HARTNELL: “That guy is my best friend. He’s awesome. He’s quite the personality. I didn’t think it would go over as well. I was thinking, ‘Oh, boy, can’t wait to see this one fail.’ It’s been hilarious. The personality of him is great, how he’s up there skating with kids and running them over. I’m a big fan and enjoy him.”

Six-time Emmy Award-winner Mike ‘Doc’ Emrick (play-by-play), U.S. Hockey Hall of Fame member Eddie Olczyk (analyst), and Emmy Award-winner Pierre McGuire (‘Inside-the-Glass’ analyst) will have the call from Lincoln Financial Field in Philadelphia, Pa. Liam McHugh will anchor studio coverage on-site in Philadelphia alongside Mike Milbury, Keith Jones, and Jeremy Roenick.

————

Sean Leahy is a writer for Pro Hockey Talk on NBC Sports. Drop him a line at phtblog@nbcsports.com or follow him on Twitter @Sean_Leahy.

The Buzzer: Campbell steals Tkachuk – Doughty show; Four for Tavares

Getty Images
Leave a comment

Three Stars

1. John Tavares

For the first time in his NHL career, Tavares scored four goals in one game. His four tallies were a mix of luck and skill, with all of them coming from very close in on net.

You can rank Tavares with the likes of Sidney Crosby as a star who tends to score a lot of his goals like grinders: in the dirty areas of the ice, cashing in on rebounds and quick reactions. None of this is to say that Tavares lacks skill, just that he sometimes applies those skills in subtler, more grinding ways.

This post goes into great detail on his great night in specific, and his fantastic first season with Toronto in general.

2. Jack Campbell

There were plenty of bitter moments involving Drew Doughty and Matthew Tkachuk, sometimes sniping and swiping each other, sometimes with just one of those players involved. But this was the closest they got to a fight, which is kind of a bummer:

Instead, Campbell basically stole the show, pitching a 42-save shutout to help the Kings upset the Flames.

This is the second shutout of Campbell’s career, and it’s increasingly looking like the former (mostly disappointing) first-rounder might just find his niche as a backup goalie. Nice story developing here, even if it’s in relative anonymity considering the low quality of this Kings team.

3. Steven Stamkos

Tavares was the free agent who left for Toronto after Steven Stamkos didn’t, so there’s a fun symmetry to the two high-scoring number 91’s generating four points during the same night.

In the case of Stamkos, he got to those four points with two goals and two assists. Stamkos is now tied for fourth in the NHL with Patrick Kane with 41 goals on the season, leaving him four behind Tavares. Stamkos has the edge in total points, however, as his 93 ranks seventh overall.

Highlights of the Night

Mark Scheifele is known for being a “student of the game,” so maybe he’s studied the best ways to sweep would-be goals out of his own net? Does he moonlight as a goalie?

Starting with a great save by Andrei Vasilevskiy, this is a fun watch (unless you’re a Bruins fan), as Nikita Kucherov tied things up for the Lightning. They eventually stunned the B’s in regulation, reminding the hockey world that they’re way, way ahead of everyone else.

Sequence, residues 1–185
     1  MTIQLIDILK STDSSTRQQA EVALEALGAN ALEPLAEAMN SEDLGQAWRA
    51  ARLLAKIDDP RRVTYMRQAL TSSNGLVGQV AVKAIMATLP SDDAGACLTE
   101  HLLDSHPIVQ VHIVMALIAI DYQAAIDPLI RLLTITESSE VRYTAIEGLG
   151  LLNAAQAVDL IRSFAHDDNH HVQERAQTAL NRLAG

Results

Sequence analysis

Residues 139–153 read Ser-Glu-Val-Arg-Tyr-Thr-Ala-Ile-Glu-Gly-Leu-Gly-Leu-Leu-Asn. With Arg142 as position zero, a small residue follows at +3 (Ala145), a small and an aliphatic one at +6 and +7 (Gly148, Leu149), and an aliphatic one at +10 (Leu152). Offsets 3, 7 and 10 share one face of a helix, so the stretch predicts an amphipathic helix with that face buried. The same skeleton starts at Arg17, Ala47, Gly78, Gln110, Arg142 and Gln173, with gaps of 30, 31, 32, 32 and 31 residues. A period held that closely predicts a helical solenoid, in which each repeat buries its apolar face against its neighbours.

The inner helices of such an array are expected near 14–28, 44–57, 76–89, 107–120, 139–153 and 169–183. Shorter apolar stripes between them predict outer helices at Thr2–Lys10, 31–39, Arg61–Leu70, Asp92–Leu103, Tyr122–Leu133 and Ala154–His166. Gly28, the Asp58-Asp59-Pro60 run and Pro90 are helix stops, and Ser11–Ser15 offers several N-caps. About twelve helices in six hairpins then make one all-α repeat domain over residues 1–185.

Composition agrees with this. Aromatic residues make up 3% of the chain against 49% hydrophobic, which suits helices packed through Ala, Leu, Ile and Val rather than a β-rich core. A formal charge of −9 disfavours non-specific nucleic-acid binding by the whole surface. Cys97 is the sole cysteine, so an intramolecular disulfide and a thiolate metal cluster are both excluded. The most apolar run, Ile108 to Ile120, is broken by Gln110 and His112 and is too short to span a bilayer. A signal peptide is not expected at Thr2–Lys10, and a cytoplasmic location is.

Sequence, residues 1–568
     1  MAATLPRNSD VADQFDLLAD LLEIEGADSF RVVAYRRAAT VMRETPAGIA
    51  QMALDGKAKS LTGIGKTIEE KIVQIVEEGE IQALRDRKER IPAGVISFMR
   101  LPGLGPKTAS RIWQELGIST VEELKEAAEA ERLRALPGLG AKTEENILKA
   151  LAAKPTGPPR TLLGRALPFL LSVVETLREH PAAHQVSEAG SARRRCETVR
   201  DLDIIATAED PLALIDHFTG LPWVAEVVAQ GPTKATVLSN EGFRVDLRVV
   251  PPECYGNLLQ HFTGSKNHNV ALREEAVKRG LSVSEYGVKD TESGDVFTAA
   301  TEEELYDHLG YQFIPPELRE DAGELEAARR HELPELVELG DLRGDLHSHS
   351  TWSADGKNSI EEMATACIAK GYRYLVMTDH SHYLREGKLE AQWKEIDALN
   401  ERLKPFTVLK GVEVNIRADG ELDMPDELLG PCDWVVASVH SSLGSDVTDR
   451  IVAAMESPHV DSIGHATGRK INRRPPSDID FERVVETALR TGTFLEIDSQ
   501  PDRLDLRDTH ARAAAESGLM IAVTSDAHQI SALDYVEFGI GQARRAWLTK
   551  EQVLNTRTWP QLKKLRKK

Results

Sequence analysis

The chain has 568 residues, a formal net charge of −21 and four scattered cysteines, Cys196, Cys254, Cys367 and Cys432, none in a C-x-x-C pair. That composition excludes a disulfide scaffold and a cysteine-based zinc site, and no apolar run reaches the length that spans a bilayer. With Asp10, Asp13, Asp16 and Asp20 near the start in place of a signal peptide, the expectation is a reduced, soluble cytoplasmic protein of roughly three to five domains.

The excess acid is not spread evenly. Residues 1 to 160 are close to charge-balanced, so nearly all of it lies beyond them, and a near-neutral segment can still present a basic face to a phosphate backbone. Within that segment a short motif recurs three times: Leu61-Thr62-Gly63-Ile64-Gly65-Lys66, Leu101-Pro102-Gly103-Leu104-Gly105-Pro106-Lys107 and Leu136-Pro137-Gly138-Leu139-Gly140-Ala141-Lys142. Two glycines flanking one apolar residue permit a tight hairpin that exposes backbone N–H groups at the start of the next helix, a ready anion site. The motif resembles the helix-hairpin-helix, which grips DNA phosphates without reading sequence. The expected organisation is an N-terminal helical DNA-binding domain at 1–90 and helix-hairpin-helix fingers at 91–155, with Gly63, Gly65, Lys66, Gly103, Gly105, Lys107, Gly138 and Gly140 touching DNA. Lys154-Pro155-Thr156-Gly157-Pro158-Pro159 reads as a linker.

Factoids

  • Four players have scored at least 30+ goals in three seasons before reaching age 21: Wayne Gretzky, Jimmy Carson, Dale Hawerchuk, and now Patrik Laine.
  • As tough as this season has been, and as embarrassing as that center-ice goal was, Cory Schneider had a fantastic overall game on Monday. You can make an argument that stopping 45 out of 46 saves ranks as three stars material. Schneider became the second goalie in Devils franchise history to earn multiple wins of at least 45 saves. Glenn “Chico” Resch was the other goalie to do it.
  • This post details the Predators clinching a playoff spot for the fifth season in a row, and perhaps most importantly, Devan Dubnyk, 32, having the same throat guard since he was 17.
  • The Flames hadn’t been shut out at home since March 21, 2018.
  • The Sharks lost in regulation to the Red Wings, which marks San Jose’s sixth consecutive loss. Cause for concern? Cause to gently nudge Erik Karlsson to get back in the lineup?

Scores

TOR 7 – FLA 5
NJD 3 – BUF 1
PIT 5 – NYR 2
TBL 5 – BOS 4
STL 3 – VGK 1
NSH 1 – MIN 0
DAL 5 – WPG 2
LAK 3 – CGY 0
DET 3 – SJS 2

James O’Brien is a writer for Pro Hockey Talk on NBC Sports. Drop him a line at phtblog@nbcsports.com or follow him on Twitter @cyclelikesedins.

Predators clinch spot, deal major blow to Wild’s playoff hopes

Leave a comment

The Minnesota Wild’s offense is starting to stink almost as much as Devan Dubnyk‘s teenaged throat guard.

The Nashville Predators only needed Ryan Johansen‘s shorthanded goal to beat the Wild 1-0 on Monday, as Juuse Saros collected a 29-save shutout. With that, the Predators clinched a trip to the 2019 Stanley Cup Playoffs, while the Wild’s postseason hopes look that much grimmer.

With Zach Parise and others out of the lineup of a team that’s already lacking in firepower, it’s easy to understand Bruce Boudreau going for a “clog everything up” strategy. It almost worked, too, as the Wild generated a 29-19 shots on goal advantage, giving the Predators very little room to work with. This wasn’t an easy win for the Predators.

Minnesota simply wasn’t able to generate any margin for error, however, so that Johansen shorthanded goal just 4:32 into the game ended up being the decisive tally.